which countries silk manufactures have since With regard to the Indian islands, considering been established. On the conquest of Egypt the little way they extended their navigation, the by the Saracens, in 640, the Iwia trade was of ancients could not be acquainted with many of course transferred to them; and they soou beran them. Ceylon, however, they called Taprobane: to pursue it with much more vigur than the Rothe name was entirely unknown in Europe be- mans had done. The city of Bassora was built fore the time of Alexandler the Great ; but that by the caliph Omar, upon the west banks of conqueror, though he did not visit, had heard of the great river formed by the union of the Euit; but all the accounts of ancient geographers phrates with the Tigris. Thus the command of concerning it are confused and contradictory. both rivers was secured, and the new city soon The other isiands described by Ptolemy to the became a place of almost as much consequence eastward of Taprobane are, according to Dr. as Alexandria itself. Robertson, those called Andaman and Nicobar Dr. Robertson takes notice, that, from the in the Gulf of Bengal. From the time of Pto- evidence of an Arabian merchant who wrote in lemy to that of the emperor Justinian we have 832, it appears, that not only the Saracens, but no account of any intercourse of the Europeans the Chinese also, were destitute of the mariner's win India, or of any progress made in the geo- compass; contrary to a common opinion, that graphical knowledge of the country. Under this instrument was known in the east long that emperor Cosmas, an Egyptian merchant, before its discovery in Europe. Notwithstandmade some voyages to India, whence he ac- ing this disadvantage, they penetrated far beyond quired the surname of Indicopleustes. Having Siam, which had set bounds to the navigation of afterwards turned monk, he published several Europeans. They became acquainted with works; one of which, named Christian Topo- Sumatra and other Indian islands; extending graply, has reached us. In this, though mixed their navigation as far as Canton in China. A with many strange reveries, he relates, with great regular commerce was now carried on from the simplicity and appearance of truth, what he had Persian Guls to all the countries lying betwixt it seen in his travels or bad learned from others; and China, and even with China itself. Many and describes several places on the western Saracens settled in India properly so called, as coast of the hither peninsula, which he calls the well as in the countries beyond it. In the city chief seat of the pepper trade. From one of of Canton they were so numerous, that the emthe ports on that coast, named Male, Dr. Robert- peror permitted them to have a cadi or judge of son thinks that the name of Malabar may pro- their own religion; the Arabian language was bably be derived, as well as that of Maldives, understood and spoken in every place of consegiven to a cluster of islands at no great dis- quence; and ships from China are even said to tance. Cosmas informs us also, that in his have visited the Persian Gulf. According to the time the island of Taprobare had become a great Arabian accounts of those days, the peninsula of staple of trade. Ble supposed it to lie about India was at that time divided into four kinghalf way betwixt the l'ersian Gulf and the coun- doms. The first was composed of the provinces try of the Sina: in consequence of which com- situated on the Indus and its branches, the capimodious situation it received the silk of the tal of which was Moultan. The second had the Sinæ, and the precious spices of the remote city of Canoge, which, from its remaining ruins, regions of the cast, which were from thence con- appears to have been a very large place. The veyed to all parts of India, Persia, and the Ara- Indian historians relate, that it contained 30,000 bian Gulf. He calls it not Taprobane, but shops, in which betel nut was sold, and 60,000 Sieldibia, derived from Selendib, or Serendib, a sets of musicians and singers who paid a tax to name by which it is still kuown in the east, government. The third kingdom was that of from him also we learn, that the Persians, hav- Cachemire, first mentioned by Massoudi, who ing overthrown the empire of the Parthians, gives a short description of it. The fourth kingapplied themselves with great diligence and suc- dom, Guzerat, is represented by the same author cess to maritime affairs; in consequence of which as the most powerful of the whole. Another they became formidable rivals to the Romans in Arab writer, who flourished about the middle of the Indian trade. The latter being thus in dan- the fourteenth century, divides India into three ger of entirely losing that lucrative branch, parts; the northern comprehending all the proJustinian formed a scheme of preserving some vinces on the Indus; the middle extending from slure of it by means of bis ally the emperor of Guzerat to the Ganges; and the southern, which Abyssinia. In this he was disappointed, though he denominates Comar, from Cape Comorin. afterwards he obtained his end in a way entirely from the relation of the Arabian merchant above unexpected. Two monks who had been employ- mentioned, explained by the commentary of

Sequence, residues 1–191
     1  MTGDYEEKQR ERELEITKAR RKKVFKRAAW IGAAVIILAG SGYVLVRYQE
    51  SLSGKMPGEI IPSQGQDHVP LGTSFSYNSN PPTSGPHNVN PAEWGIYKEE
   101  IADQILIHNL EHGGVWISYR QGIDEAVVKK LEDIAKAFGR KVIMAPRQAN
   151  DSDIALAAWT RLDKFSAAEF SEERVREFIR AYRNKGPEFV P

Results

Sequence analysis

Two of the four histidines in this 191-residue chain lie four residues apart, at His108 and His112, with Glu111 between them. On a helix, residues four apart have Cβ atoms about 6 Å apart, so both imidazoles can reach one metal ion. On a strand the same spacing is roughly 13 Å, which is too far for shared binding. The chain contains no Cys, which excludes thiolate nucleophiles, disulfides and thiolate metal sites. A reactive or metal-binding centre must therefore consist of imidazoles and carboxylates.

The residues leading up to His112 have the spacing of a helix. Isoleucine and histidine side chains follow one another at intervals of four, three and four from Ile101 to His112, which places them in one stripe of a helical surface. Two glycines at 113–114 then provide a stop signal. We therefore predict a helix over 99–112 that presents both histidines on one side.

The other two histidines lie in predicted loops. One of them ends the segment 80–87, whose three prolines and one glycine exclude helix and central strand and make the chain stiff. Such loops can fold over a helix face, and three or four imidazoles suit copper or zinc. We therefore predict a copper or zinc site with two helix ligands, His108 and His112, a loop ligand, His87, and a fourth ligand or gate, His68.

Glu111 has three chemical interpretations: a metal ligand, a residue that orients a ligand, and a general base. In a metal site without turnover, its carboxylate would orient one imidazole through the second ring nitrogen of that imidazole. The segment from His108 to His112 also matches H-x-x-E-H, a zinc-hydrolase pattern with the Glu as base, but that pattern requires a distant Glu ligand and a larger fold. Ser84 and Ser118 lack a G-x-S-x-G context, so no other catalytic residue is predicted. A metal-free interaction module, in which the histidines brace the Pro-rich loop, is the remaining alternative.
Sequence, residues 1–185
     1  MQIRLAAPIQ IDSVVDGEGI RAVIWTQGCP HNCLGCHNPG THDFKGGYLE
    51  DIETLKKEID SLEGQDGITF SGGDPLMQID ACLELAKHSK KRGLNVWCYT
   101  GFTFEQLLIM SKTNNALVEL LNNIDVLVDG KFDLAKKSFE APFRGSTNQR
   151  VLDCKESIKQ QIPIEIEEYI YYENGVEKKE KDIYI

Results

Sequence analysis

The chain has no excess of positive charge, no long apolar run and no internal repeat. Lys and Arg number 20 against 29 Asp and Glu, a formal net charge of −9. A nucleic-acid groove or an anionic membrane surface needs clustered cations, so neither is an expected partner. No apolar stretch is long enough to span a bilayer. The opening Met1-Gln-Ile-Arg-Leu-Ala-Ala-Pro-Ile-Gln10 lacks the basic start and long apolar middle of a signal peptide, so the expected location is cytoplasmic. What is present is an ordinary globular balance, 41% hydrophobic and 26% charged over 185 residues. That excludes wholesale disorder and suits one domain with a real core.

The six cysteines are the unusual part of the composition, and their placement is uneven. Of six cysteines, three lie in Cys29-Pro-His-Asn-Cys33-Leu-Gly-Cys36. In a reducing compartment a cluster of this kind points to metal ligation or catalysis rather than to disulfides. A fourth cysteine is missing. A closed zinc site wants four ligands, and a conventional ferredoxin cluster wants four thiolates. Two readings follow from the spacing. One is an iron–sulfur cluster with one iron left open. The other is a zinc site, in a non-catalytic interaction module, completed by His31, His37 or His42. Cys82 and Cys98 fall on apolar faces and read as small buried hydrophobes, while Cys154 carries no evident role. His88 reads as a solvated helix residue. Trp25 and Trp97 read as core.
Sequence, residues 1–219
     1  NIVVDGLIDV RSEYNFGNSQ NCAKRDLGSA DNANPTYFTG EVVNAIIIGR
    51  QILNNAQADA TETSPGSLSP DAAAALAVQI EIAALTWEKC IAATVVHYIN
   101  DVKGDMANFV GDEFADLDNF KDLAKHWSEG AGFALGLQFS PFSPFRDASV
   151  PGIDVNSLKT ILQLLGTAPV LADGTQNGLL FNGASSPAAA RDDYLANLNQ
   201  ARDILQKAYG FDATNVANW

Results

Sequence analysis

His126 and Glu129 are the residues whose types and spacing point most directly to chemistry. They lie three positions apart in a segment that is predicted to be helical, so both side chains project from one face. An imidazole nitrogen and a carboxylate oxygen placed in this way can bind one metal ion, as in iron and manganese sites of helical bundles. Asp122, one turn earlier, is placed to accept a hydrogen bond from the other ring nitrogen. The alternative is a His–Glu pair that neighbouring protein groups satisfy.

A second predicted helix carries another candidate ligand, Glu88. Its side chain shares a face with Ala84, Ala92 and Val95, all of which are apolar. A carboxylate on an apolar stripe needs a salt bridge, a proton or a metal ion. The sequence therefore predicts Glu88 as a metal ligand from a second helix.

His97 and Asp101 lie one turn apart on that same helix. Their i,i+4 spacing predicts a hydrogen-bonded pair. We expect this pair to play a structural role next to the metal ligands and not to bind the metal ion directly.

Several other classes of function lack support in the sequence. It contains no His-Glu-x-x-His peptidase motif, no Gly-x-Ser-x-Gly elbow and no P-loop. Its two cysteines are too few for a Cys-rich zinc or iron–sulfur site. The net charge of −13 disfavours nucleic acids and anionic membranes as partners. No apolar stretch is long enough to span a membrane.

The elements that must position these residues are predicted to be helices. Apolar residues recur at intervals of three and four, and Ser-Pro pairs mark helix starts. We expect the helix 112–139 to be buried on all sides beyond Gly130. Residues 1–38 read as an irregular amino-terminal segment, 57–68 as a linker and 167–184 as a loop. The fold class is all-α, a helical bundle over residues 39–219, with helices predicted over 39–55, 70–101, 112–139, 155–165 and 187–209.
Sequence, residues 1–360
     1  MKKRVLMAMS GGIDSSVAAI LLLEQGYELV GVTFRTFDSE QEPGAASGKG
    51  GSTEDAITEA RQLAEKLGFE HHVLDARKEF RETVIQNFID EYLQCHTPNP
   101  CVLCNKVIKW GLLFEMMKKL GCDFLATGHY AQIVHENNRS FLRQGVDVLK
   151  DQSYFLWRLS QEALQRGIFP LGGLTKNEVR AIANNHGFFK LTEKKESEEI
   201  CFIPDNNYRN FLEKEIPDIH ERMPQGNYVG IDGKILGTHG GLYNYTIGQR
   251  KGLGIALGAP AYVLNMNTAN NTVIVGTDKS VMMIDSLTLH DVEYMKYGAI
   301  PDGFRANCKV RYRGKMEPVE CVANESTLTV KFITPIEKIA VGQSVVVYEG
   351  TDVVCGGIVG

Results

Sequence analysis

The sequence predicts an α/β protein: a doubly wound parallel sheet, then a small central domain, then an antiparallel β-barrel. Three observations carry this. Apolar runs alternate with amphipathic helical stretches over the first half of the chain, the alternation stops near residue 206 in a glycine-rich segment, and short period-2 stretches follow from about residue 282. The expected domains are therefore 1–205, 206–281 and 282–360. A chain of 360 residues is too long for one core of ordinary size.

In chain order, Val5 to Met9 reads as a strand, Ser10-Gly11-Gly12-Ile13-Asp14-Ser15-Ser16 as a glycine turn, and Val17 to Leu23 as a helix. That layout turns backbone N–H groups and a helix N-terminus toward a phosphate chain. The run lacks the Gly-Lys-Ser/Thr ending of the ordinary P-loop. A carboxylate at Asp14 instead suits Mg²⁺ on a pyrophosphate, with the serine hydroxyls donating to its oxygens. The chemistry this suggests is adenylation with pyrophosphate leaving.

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another Arabian who had likewise visited the time the cities of Amalfi and Venice, with some